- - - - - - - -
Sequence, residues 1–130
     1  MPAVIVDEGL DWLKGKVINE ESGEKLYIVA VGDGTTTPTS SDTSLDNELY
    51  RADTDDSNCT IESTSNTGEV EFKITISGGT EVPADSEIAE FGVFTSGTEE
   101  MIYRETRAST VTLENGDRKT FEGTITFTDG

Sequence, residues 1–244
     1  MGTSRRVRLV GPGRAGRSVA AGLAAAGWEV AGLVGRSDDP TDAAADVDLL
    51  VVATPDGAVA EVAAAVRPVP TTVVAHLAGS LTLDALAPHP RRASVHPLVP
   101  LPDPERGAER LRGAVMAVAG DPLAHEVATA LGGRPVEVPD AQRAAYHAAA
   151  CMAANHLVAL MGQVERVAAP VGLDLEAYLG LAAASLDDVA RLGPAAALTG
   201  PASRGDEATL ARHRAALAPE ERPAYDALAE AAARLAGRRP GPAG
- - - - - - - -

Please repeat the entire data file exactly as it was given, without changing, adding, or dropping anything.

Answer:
Sequence, residues 1–130
     1  MPAVIVDEGL DWLKGKVINE ESGEKLYIVA VGDGTTTPTS SDTSLDNELY
    51  RADTDDSNCT IESTSNTGEV EFKITISGGT EVPADSEIAE FGVFTSGTEE
   101  MIYRETRAST VTLENGDRKT FEGTITFTDG

Sequence, residues 1–244
     1  MGTSRRVRLV GPGRAGRSVA AGLAAAGWEV AGLVGRSDDP TDAAADVDLL
    51  VVATPDGAVA EVAAAVRPVP TTVVAHLAGS LTLDALAPHP RRASVHPLVP
   101  LPDPERGAER LRGAVMAVAG DPLAHEVATA LGGRPVEVPD AQRAAYHAAA
   151  CMAANHLVAL MGQVERVAAP VGLDLEAYLG LAAASLDDVA RLGPAAALTG
   201  PASRGDEATL ARHRAALAPE ERPAYDALAE AAARLAGRRP GPAG